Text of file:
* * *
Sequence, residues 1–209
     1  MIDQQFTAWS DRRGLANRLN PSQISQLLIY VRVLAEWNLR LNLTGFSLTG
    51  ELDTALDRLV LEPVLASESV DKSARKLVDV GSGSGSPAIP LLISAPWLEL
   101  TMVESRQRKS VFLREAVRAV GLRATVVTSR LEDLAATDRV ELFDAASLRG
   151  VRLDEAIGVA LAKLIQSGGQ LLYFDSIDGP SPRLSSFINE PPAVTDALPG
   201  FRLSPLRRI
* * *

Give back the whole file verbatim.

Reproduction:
Sequence, residues 1–209
     1  MIDQQFTAWS DRRGLANRLN PSQISQLLIY VRVLAEWNLR LNLTGFSLTG
    51  ELDTALDRLV LEPVLASESV DKSARKLVDV GSGSGSPAIP LLISAPWLEL
   101  TMVESRQRKS VFLREAVRAV GLRATVVTSR LEDLAATDRV ELFDAASLRG
   151  VRLDEAIGVA LAKLIQSGGQ LLYFDSIDGP SPRLSSFINE PPAVTDALPG
   201  FRLSPLRRI